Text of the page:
Directions (the slideshow is pretty much self-explanatory:

Prepare filling.
Roll dough to about 8x 13 in; make sure you sprinkle flour on the countertop and on your rolling pin. The dough gets stickier as it stays in room temp.
Brush milk onto the dough. Spread the filling thinly. Spare the edges that should make the seam.
Roll tightly into a log. You may have to use the dough cutter (dipped occasionally into a mound of flour) to lift up the dough as you roll.
Cut at 1-inch intervals using dough cutter (wipe the blade before every slice). Fix the roundness of the cut piece with your fingers before you place onto a greased pan.
Let rise for one hour inside the oven warmed by "baking" for 1 minute then turned off.
Take out of the oven; start heating up the oven for real baking at 350 deg F.
bake for 15-20 mins or until the middle dough is browned.
Loosen edges from the pan and invert onto a plate to remove.
Place on a cooling wire rack. If not eating right away, cool completely and wrap in plastic. May store at room temp for up to 3 days. (I guarantee you this is better than store-bought canned cinnamon rolls!).

Basically the same recipe for Pan de Coco-Cinni --


Prepared dough (I used 1/4 of my buttery ensaymada dough)
Remaining filling (not sure how much was there; probably a cup)
Egg white for glaze

Cut dough into pieces (I cut them just so I could barely close my hand around each piece- yields pieces that are quite big one can fill you up quickly)
Flatten to disks.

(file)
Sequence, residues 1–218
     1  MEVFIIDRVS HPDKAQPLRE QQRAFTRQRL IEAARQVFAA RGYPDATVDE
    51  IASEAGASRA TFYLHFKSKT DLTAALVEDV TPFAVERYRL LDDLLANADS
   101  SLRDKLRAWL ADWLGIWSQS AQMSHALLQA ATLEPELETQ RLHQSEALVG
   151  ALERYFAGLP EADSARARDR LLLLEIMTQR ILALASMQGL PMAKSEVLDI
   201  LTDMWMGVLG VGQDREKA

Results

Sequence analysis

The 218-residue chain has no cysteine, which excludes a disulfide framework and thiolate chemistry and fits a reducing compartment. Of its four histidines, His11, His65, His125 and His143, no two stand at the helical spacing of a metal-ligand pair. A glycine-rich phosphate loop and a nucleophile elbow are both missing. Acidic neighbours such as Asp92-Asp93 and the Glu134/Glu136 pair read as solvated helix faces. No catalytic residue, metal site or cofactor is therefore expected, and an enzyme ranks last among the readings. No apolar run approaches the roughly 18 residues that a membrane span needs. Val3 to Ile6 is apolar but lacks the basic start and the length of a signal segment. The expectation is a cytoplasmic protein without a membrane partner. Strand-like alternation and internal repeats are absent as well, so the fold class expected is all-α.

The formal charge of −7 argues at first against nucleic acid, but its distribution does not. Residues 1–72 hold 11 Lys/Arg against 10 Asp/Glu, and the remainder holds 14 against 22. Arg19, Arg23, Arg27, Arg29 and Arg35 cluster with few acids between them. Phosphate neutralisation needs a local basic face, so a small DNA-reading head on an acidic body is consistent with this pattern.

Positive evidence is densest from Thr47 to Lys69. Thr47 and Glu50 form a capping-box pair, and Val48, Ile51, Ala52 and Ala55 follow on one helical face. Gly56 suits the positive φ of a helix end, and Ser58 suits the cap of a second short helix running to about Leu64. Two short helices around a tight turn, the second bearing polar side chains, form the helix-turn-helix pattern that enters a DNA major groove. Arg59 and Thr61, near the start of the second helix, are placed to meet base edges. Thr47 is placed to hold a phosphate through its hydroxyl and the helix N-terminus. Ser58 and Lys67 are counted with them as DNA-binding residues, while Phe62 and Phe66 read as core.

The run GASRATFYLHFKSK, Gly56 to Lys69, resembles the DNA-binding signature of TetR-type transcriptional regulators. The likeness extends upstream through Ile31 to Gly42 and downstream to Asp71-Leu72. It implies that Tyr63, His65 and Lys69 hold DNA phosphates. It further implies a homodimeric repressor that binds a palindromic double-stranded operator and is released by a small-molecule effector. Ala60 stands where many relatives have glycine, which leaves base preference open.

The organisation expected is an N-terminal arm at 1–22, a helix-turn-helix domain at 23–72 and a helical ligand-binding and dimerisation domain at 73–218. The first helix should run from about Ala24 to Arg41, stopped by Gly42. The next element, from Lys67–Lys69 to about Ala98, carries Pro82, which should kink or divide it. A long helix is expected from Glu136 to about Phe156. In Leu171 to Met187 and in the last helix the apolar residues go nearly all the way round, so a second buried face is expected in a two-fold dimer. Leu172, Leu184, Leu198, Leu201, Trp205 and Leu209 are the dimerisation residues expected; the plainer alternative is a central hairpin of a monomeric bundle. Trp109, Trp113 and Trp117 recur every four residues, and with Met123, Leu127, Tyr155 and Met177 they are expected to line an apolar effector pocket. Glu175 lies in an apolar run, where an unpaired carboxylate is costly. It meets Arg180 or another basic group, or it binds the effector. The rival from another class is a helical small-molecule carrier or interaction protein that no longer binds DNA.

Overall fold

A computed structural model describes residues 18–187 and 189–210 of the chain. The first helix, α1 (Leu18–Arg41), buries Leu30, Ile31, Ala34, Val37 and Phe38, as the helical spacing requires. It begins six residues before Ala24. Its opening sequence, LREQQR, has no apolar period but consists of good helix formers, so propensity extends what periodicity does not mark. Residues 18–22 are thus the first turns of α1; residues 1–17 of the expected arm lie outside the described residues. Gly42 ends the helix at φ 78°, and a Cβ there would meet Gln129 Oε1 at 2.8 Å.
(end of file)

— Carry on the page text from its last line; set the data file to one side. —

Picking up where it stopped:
Put about 1 tbsp filling at the center. Fold over the edges to seal.
Flatten the pieces. Place on greased baking sheet.
Bake at 350 deg F for 20 minutes or until browned to your liking (I should have baked this at 400 to bake at 12 minutes but since I baked this along with the coco-cinnamon roll, I used 350. End product seems too light (and uncooked) to my eyes, but actually they are done. My older son can eat two of these at a time.

I think I am gonna submit my coconut-cinnamon roll recipe to a baking contest...huwag nyo ako unahan/agawan...:)

Monday, November 24, 2008

Buttery Ensaymada

I should call this buttery eggyolk-y ensaymada.
I am getting so ensaymada'ed out already I could puke (excuse me!), but I just gotta be able to compare the two recipes which vary only in the fat content (shortening versus butter) and the eggyolks.

Honestly, I cannot really choose between the two recipes (Supersoft using shortening and just whole eggs versus Buttery using butter, of course, and 5 eggyolks in addition to 1 whole egg).

Supersoft has the familiar taste of the ensaymada I used to get from bigger bakeries in PI. By itself (without topping), it is okay, but since it is not sweet, the flavor is greatly enhanced once the topping is there, and a bite becomes heavenly. Lasts 2 days or even 3 without getting tough as long as it is kept in plastic at room temp.

Buttery is strikingly special flavored by itself mainly by its very nature...buttery and yolky. Once with the usual topping, it is as heavenly as supersoft, although it is not the taste I was familiar with when it comes to ensaymada bought from the likes of goldilocks. I have yet to observe how long it lasts. It is still soft after a day even when cold.